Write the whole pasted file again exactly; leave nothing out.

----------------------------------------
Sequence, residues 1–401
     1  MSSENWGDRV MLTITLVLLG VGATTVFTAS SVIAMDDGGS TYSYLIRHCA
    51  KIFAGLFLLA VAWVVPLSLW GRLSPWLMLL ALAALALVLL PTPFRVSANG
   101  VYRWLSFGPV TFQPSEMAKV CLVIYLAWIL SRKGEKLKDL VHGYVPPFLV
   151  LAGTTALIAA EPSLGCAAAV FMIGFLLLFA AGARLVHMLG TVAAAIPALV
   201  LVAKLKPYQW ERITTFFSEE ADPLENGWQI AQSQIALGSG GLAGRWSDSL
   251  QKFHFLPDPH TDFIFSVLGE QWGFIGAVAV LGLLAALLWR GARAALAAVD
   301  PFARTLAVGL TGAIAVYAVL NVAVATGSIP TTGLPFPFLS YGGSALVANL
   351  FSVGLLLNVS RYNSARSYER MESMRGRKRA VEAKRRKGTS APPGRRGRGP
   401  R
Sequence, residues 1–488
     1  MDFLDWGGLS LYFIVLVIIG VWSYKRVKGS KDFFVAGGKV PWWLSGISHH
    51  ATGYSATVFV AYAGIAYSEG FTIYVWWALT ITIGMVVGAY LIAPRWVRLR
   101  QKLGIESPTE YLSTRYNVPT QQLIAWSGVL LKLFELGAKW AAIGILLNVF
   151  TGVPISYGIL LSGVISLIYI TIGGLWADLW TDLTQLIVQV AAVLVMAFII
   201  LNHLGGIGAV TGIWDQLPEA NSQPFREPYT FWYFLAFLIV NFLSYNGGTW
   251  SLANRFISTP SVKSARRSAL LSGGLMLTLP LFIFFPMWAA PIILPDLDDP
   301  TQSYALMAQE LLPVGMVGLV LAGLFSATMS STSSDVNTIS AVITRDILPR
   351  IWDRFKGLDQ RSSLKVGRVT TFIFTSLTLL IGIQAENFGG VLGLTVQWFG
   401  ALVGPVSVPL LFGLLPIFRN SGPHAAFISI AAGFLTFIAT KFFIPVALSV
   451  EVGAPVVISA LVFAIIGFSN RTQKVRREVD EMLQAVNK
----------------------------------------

Sequence, residues 1–401
     1  MSSENWGDRV MLTITLVLLG VGATTVFTAS SVIAMDDGGS TYSYLIRHCA
    51  KIFAGLFLLA VAWVVPLSLW GRLSPWLMLL ALAALALVLL PTPFRVSANG
   101  VYRWLSFGPV TFQPSEMAKV CLVIYLAWIL SRKGEKLKDL VHGYVPPFLV
   151  LAGTTALIAA EPSLGCAAAV FMIGFLLLFA AGARLVHMLG TVAAAIPALV
   201  LVAKLKPYQW ERITTFFSEE ADPLENGWQI AQSQIALGSG GLAGRWSDSL
   251  QKFHFLPDPH TDFIFSVLGE QWGFIGAVAV LGLLAALLWR GARAALAAVD
   301  PFARTLAVGL TGAIAVYAVL NVAVATGSIP TTGLPFPFLS YGGSALVANL
   351  FSVGLLLNVS RYNSARSYER MESMRGRKRA VEAKRRKGTS APPGRRGRGP
   401  R
Sequence, residues 1–488
     1  MDFLDWGGLS LYFIVLVIIG VWSYKRVKGS KDFFVAGGKV PWWLSGISHH
    51  ATGYSATVFV AYAGIAYSEG FTIYVWWALT ITIGMVVGAY LIAPRWVRLR
   101  QKLGIESPTE YLSTRYNVPT QQLIAWSGVL LKLFELGAKW AAIGILLNVF
   151  TGVPISYGIL LSGVISLIYI TIGGLWADLW TDLTQLIVQV AAVLVMAFII
   201  LNHLGGIGAV TGIWDQLPEA NSQPFREPYT FWYFLAFLIV NFLSYNGGTW
   251  SLANRFISTP SVKSARRSAL LSGGLMLTLP LFIFFPMWAA PIILPDLDDP
   301  TQSYALMAQE LLPVGMVGLV LAGLFSATMS STSSDVNTIS AVITRDILPR
   351  IWDRFKGLDQ RSSLKVGRVT TFIFTSLTLL IGIQAENFGG VLGLTVQWFG
   401  ALVGPVSVPL LFGLLPIFRN SGPHAAFISI AAGFLTFIAT KFFIPVALSV
   451  EVGAPVVISA LVFAIIGFSN RTQKVRREVD EMLQAVNK